Monday, July 18, 2011
Another Productive Weekend!
(Above: Angel I, mixed media on 24" x 24" linen canvas. Click on image to enlarge.)
I love my studio! I love the quietness, the energy, and especially the instant concentration that comes with being in a space completely dedicated to art making. This weekend was wonderfully productive.
(Above: Angel II, mixed media on 24" x 24" linen canvas. Click on image to enlarge.)
First, I finished up two experimental, mixed media pieces. I had the frames ... which honestly was the entire reason for these pieces. "Something" had to go into these unique "floater frames". I bought two gallery wrapped, clear gesso-coated linen canvases that fit. They've been gathering dust in my studio until I finally decided to adhere two xylene photo transfers of cemetery angels and paint ... later more paint and buttons (stitched through the canvas) ... and even later the halos. I used a very glossy varnish onto which I blew a small amount of silver, iridescent powder before it dried.
The halos are really only seen from various angles ... depending on the lighting. I like the affect, sort of appropriately mystical.
I also created four new pieces in my Window Series. These are all approximately 12" x 10" before framing. Click on any image to enlarge. This series, the "Lancet Windows" (one of these was also created this weekend ... scroll down!), the large "Faux-stained Glass", and my "In Box Series" pieces are wonderfully carried by the Grovewood Gallery in Asheville.
(Above: Window XXIV.)
(Above: Window XXV.)
(Above: Window XXVI.)
(Above: Window XXVII.)
(Above: Window XXVI before being subjected to my soldering iron and heat gun. It is simply stapled and/or laced to the inside of an empty picture frame or stretcher bar. For a free tutorial on how the entire "In Box" technique is done, click HERE.)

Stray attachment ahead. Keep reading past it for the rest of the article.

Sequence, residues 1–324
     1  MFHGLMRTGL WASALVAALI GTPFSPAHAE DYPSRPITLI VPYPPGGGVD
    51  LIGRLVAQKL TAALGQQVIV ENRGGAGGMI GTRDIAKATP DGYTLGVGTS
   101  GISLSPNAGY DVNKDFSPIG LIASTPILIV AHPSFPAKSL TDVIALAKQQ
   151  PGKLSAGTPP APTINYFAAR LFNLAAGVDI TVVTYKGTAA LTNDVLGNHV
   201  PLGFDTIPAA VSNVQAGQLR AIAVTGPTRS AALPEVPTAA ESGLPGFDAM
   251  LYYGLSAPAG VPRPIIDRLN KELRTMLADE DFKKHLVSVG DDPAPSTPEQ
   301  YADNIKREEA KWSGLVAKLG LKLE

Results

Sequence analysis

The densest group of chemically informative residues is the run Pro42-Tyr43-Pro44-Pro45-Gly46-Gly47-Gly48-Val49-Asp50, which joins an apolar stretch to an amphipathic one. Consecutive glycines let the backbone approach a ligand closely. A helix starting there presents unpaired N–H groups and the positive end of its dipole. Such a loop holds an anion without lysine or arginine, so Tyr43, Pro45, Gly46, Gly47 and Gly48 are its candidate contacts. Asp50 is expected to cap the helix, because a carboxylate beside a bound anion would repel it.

(Above: Lancet Window VI. Unframed: 27" x 7". Framed: 31" x 11". Click on image to enlarge.)
(Above: US Flag on a layer of recycled black felt with a stack of 61 cemetery flags collected from the trash ... ready to be designed ... on the floor at Gallery 80808/Vista Studios ... right outside my studio door. Click on image to enlarge.)
Even though I've got Anonymous, a new grave rubbing art quilt, to stitch on for the next several weeks ... I lay out a new project on Sunday afternoon. This one has been milling around in the back of my mind for quite some time. When gathering artificial flowers from cemetery dumpsters and trash bins, I've come across too many US flags ... especially last Memorial Day weekend and on Father's Day weekend. In all, I had 69 of them but decided against using the eight really ugly nylon ones. I carefully and gently handwashed all of them ... ironed them ... and got them ready for my design. The giant American flag came from Bill Mishoe's auction house ... in a "table lot" with a bunch of other stuff some household was getting rid of. I have no idea who the veteran was that had this flag draped over his/her coffin. It was still triangle folded in a plastic cover with the funeral parlor's address. It became the "background" for the cemetery flags. The black felt is recycled packaging material from the local kayak shop.
(Above: Cemetery Flags, in progress ... designed and basted ... ready for stitch. Click on image to enlarge. Angel I and Angel II can be seen on the wall flanking my The Cemetery, a grave rubbing art quilt. My studio door is just beyond ... under the number "4".)
It took an hour to lay out and pin in place. It took several more hours to baste. It's ready to stitch. At first I thought of machine stitching ... but it just doesn't "feel" right. I'm thinking that a combination of both hand and machine stitching will be better: semi-sloppy, off white perle cotton, hand straight stitches ... like a child's knee patch ... around the edges of the flags; neat red and blue lines of machine stitches ... the red around the blue area and the blue between the stripes. Either way, I've now got more to stitch that I can possibly handle for the month of August ... when I'll be the ARTIST IN RESIDENCE at HOT SPRINGS NATIONAL PARK!
Posted by Susan Lenz at 2:37 PM